Interview: ‘Interstellar’ Writer Jonathan Nolan: Real Space Exploration Is “Fucking Done, We Peaked!”
Posted on Thursday, November 6th, 2014 by Peter Sciretta
A couple weeks back I got a chance to talk to Jonathan Nolan, the brother of filmmaker Christopher Nolan and co-screenwriter of Interstellar. Jonah started developing Interstellar as a project for Steven Spielberg to direct, before getting sucked into the television world showrunning Person Of Interest for Bad Robot. Jonathan has also been making the transition into directing, helming the pilot of the HBO/Bad Robot television adaptation of Michael Crichton’s Westworld (which we talk about briefly). Read all this and more in our Jonathan Nolan interstellar interview, after the jump.
Jonathan Nolan Interstellar Interview
Peter Sciretta: Hey, how’s it going?
Jonathan Nolan: Going well. How are you doing?
Question: I’m doing good. Okay, so I’m primarily interested in how this project has evolved over the years. ‘Cause this has been a project long in the making. I first heard about this in I think June 2008 when Spielberg first got this idea from the Caltech talk. How did you get involved and what was that original pitch that Spielberg presented to you?
Nolan: I presented it to him. He and Linda Obst and Kip Thorne, Linda’s great friend, Kip Thorne, who’s a legend in physics over at Caltech. Steven had wanted to do a science exploration film that was grounded in good physics. He wanted to get it right. No huge flights of fancy. More real, authentic. They had been working for several months fleshing out the ideas, you know, in general terms and looking for a screenwriter. So I came in and sat down with Steven. And he wanted to do a contemporary space exploration film. I said, Steven, if it was a contemporary space exploration film, it would be about 15 minutes long. And it would consist of the they all go in to the Appropriations Committee and quietly die, right? We don’t do that anymore. It’s fucking done. We peaked. In the years when the anthropologists come down, they’ll find a little polyester flag in the Moon and they’ll say, fuck, they almost made it. Right?
Nolan: Like they got so far. So that was 2006, 2007, so it was a somewhat misanthropic take on it. Probably not a great way to pitch it. But so I said, well, you know, it has to be set in the future. It has to be set in a future in which you understand, because that’s the case and anyone who’s looked into a realistic science and space exploration understands that we don’t do it anymore. It’s done. The Apollo missions were before we were kids and it’s over. But that’s not readily apparent to people. So you have to set it in a moment in the future in which that is readily apparent to people. And it’s clear. So it was great fun working with Steven for a couple years on the project. And hammering out a script.
Question: So that was always the pitch that like it was set in the future where resources are, were our future’s looking bleak?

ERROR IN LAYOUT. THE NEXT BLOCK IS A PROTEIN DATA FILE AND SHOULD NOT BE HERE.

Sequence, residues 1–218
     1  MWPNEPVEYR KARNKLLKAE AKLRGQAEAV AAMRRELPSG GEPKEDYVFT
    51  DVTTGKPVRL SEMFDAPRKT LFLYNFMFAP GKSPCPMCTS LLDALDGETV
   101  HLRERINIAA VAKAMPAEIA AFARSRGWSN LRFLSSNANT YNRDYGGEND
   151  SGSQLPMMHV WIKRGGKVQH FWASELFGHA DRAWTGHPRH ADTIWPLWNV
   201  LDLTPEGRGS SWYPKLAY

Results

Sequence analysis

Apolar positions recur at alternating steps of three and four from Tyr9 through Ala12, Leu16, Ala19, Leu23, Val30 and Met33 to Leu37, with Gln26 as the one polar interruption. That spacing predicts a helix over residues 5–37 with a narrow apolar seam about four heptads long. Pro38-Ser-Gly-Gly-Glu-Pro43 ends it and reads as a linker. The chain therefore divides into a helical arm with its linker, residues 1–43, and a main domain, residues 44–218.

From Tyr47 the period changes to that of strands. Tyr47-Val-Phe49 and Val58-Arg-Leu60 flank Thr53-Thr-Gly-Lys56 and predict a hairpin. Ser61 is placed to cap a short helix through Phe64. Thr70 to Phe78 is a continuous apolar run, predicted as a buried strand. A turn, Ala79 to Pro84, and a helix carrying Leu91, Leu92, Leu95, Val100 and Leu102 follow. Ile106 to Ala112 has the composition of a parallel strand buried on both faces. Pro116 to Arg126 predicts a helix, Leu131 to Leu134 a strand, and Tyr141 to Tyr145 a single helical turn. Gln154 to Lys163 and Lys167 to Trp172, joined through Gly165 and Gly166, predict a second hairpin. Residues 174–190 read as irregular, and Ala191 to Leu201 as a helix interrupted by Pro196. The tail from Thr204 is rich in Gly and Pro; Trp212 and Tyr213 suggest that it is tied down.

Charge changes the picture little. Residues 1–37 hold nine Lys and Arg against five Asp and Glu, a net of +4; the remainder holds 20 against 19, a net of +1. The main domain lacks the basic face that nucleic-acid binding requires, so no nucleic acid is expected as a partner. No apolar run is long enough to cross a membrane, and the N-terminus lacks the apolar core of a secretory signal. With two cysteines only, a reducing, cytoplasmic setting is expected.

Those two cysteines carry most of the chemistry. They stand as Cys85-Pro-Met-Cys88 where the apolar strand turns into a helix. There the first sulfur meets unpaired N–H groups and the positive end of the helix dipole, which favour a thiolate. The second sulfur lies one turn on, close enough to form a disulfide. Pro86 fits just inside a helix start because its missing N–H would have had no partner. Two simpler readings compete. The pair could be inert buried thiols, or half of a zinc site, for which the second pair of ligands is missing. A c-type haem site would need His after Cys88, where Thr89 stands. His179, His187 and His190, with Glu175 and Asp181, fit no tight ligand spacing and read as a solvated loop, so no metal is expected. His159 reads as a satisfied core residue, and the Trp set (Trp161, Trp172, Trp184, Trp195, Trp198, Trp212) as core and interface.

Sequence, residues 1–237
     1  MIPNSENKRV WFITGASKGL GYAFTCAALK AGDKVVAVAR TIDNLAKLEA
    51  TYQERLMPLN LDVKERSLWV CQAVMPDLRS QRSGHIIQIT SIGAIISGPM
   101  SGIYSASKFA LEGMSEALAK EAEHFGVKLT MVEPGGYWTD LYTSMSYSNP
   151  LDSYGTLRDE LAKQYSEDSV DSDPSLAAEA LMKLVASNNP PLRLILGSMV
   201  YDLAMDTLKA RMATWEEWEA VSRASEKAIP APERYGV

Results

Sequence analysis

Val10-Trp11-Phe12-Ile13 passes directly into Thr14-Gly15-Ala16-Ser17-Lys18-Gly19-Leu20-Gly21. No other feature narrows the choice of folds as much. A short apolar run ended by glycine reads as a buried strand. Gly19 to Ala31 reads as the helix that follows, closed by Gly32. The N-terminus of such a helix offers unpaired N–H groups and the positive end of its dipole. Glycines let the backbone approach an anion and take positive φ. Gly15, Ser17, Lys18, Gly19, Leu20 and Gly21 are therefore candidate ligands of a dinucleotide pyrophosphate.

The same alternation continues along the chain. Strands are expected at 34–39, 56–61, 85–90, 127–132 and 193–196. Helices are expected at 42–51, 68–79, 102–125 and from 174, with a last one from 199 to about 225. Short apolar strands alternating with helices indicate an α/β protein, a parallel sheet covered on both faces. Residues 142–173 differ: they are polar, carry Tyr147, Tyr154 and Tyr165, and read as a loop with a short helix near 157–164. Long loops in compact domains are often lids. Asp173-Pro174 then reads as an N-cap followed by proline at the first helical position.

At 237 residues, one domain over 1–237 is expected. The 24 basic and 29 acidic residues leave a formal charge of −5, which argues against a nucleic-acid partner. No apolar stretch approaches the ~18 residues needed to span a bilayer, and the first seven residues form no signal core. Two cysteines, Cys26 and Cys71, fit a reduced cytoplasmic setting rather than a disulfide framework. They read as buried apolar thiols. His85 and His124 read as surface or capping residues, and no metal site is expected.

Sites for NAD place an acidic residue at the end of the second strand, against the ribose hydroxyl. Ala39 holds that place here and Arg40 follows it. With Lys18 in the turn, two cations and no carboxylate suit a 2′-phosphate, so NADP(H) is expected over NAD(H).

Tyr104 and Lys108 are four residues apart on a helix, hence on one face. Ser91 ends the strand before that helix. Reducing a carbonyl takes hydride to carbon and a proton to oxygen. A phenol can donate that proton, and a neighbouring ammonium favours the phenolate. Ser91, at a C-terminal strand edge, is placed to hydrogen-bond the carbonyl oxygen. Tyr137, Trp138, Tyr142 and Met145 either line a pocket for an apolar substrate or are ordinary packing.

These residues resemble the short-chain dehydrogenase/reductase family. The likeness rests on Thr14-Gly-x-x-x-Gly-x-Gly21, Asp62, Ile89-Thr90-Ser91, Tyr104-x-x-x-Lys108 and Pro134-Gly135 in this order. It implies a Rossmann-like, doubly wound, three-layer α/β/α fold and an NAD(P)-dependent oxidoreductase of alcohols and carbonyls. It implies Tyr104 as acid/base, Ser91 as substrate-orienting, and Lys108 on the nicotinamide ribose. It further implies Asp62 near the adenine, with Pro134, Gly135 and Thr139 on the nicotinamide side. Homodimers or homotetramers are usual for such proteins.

Nolan: Absolutely. I mean, look the reality is we stopped going to space because we’re too fucking wrapped up in whatever narcissistic bullshit, you know, as a sort of a collective. I mean, look, there’s an awful lot of things that still need to be fixed here on Earth, right? You know, problems that never seem to go away. Poverty, disease and a lot of stuff that we turned our attention to that is a good thing. We’re also just kind of sucked in the bullshit. I was talking downstairs, I grew up in Apollo space travel, we were promised jetpacks and fucking teleportation and instead we got fucking Facebook and Instagram. That’s a bummer.
But we don’t think of it in those terms. We think of ourselves as being the most magnificent, amazing universe ever and if we wanna go back to the Moon, sure, we could. It’s like no, those guys are all dead or retired. We’re not going back to the Moon. And if we wanted to, we’d have to spend billions of dollars and it would take years and years and years. We’re just done. We’re not doing that. We’re out of that business. And so people don’t think in those terms. We had to set the movie in the future in which that was abundantly clear.
Question: Yeah. And the whole idea always had a wormhole of some kind?
Nolan: Yeah, absolutely. That was one of the things that they, that Kip, you know, Kip’s field is gravitation. Wormholes are a gravitational phenomena. Or imaginary gravitational phenomena as the case may be. And so the reality is if you wanna do a grounded space exploration film, one of the first things you have to do is throw out, you have to have a wormhole. Right? Because if it’s in a remotely contemporary timeframe, we don’t have a technology that could get us any further than our own solar system. Right? I mean, we’re packets of water and protein. We’re extremely fragile. Right? And if we travel in a spaceship for any longer than about a year of interstellar space, we’d be so fried with radiation that there would be nothing left of us. So we, you know, we’re not going anywhere. That again, boring movie, right?
So you have to have a wormhole in order to, you need a shortcut to take you to a what’s nice about a wormhole is that it’s not only a shortcut, you know, by nature of the fact that a wormhole could not exist without some higher order of intelligence putting it there. The existence of one, this is one of the things I was fascinated by in the project, the very fact that the wormhole exists suggests…
Question: That someone’s trying to take us somewhere.
After the jump, Jonathan Nolan talks about directing Westworld, Christopher Nolan’s contributions to the script and more.,